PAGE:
A new report from Microsoft Research highlights the role Twitter users in Mexico play in reporting violence from organized crime as an alternative to the censorship criminal groups exercise against traditional media.
The report "The New War Correspondents: The Rise of Civic Media Curation in Urban Warfare" uses quantitative and qualitative means to analyze the popularity of hashtags and tweets that report on gunfights and violent acts in cities affected by organized crime. While it is common for citizens in other countries to post information on social networks about natural disasters, terrorist attacks, protests and shootings, the report notes that these tend to be extraordinary events versus in many Mexican cities where the war against drug trafficking has made them disturbingly prosaic.
The report's authors also interviewed citizens cum curators of social media who dedicate up to 15 hours a day without pay to report on organized crime in their cities, according to Mashable. The authors hypothesize that curators and Twitter users have moved in to fill the information gap left by many traditional media organizations.
"Like other armed conflicts, the Mexican Drug War is also a conflict over the control of information," the report says, describing how Mexican media are subjected to threats and extreme pressures not to report on violence in their communities. Currently, Mexico is one of the most dangerous countries in the world for journalists, according to the International Press Institute.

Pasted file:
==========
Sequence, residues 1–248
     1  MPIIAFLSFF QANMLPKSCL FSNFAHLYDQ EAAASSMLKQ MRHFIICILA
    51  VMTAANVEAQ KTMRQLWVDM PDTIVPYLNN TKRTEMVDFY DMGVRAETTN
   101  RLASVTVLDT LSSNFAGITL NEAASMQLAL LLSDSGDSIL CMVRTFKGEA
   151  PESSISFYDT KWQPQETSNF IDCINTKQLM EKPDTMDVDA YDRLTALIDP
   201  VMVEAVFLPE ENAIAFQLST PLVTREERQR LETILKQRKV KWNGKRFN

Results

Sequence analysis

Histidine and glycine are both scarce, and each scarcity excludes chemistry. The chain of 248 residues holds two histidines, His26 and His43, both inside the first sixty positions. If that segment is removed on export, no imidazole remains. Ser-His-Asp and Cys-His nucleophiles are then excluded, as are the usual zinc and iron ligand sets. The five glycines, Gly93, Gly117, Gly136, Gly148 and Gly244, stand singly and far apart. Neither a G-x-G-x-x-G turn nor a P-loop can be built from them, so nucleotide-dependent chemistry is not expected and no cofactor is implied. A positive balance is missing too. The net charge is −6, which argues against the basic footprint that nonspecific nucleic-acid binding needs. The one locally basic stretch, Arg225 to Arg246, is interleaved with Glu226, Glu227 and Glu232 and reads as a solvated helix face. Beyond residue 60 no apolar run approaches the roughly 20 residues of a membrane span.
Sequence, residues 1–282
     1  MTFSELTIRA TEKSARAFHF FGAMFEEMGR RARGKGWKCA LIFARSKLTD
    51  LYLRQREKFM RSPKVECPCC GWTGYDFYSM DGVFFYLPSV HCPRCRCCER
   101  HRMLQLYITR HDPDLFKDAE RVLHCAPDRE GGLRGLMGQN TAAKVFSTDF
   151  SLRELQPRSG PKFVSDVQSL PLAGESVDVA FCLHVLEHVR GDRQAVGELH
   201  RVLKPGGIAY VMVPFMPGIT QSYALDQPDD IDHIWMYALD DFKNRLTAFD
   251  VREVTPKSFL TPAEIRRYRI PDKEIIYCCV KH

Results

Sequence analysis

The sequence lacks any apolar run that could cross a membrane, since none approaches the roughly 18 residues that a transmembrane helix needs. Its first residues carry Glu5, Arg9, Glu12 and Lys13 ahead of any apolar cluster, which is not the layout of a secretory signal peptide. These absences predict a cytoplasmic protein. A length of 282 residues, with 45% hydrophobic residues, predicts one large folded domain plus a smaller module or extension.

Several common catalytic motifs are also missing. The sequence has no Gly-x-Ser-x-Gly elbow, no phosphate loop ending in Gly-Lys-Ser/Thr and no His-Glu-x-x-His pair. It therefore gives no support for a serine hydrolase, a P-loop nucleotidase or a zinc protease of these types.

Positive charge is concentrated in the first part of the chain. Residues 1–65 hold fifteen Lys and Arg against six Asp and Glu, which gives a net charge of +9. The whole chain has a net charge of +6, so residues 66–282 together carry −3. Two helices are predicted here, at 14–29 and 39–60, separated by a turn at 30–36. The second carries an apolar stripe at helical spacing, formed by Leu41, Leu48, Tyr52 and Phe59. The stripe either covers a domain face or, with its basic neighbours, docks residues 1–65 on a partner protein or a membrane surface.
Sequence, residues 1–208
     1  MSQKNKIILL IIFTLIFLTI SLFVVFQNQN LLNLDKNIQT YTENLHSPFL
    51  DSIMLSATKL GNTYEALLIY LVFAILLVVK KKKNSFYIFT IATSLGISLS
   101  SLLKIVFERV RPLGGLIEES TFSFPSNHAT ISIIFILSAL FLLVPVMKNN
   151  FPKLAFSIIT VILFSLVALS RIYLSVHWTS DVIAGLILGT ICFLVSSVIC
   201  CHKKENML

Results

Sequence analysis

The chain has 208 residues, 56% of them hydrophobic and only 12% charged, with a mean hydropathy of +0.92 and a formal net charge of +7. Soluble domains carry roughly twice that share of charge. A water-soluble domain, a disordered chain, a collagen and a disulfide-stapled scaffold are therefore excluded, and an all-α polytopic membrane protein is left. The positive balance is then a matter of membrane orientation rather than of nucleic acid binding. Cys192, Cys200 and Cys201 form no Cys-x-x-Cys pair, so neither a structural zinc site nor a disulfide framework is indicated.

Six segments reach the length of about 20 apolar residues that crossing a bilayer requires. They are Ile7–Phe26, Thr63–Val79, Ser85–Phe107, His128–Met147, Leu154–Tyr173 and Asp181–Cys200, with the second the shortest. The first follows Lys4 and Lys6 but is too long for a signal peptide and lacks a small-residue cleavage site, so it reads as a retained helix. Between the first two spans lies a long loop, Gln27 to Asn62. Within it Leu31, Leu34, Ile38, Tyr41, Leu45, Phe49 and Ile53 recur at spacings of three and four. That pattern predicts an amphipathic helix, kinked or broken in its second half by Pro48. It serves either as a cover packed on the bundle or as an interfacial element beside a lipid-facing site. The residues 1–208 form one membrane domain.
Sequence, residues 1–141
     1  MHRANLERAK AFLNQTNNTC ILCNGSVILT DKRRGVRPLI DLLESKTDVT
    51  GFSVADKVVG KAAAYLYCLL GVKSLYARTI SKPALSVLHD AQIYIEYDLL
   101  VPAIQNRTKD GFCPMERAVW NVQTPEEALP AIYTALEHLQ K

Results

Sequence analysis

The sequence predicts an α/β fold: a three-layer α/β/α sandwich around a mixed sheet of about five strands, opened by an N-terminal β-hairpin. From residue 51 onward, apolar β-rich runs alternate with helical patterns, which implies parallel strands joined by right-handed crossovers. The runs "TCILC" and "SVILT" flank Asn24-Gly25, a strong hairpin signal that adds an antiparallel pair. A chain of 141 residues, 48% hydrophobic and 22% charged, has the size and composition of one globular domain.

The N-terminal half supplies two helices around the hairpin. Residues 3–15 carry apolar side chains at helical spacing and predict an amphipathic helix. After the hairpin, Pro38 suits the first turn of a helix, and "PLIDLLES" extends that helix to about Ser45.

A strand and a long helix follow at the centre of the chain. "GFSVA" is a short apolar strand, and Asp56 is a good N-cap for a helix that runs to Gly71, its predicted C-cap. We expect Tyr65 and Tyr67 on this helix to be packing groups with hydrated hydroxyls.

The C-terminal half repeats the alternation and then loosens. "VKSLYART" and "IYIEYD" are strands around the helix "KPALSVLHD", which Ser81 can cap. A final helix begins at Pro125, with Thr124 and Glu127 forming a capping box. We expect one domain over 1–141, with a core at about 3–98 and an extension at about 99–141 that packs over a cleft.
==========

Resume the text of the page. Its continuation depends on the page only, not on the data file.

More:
In 2010, a Washington Post article reported that organized criminal groups dictate what can be published or said on air through daily telephone calls, emails and even press releases.
The report also advocates for developing strategies and platforms to verify information without revealing the identity of social media users. In 2011, a Mexican journalist was decapitated for her anonymous accusations on a website. Before that, two mutilated bodies were hung with signs threatening blogs that report on organized crime on Nuevo Laredo, a Mexican city opposite Laredo, Texas.
Note from the editor: This story was originally published by the Knight Center’s blog Journalism in the Americas, the predecessor of LatAm Journalism Review.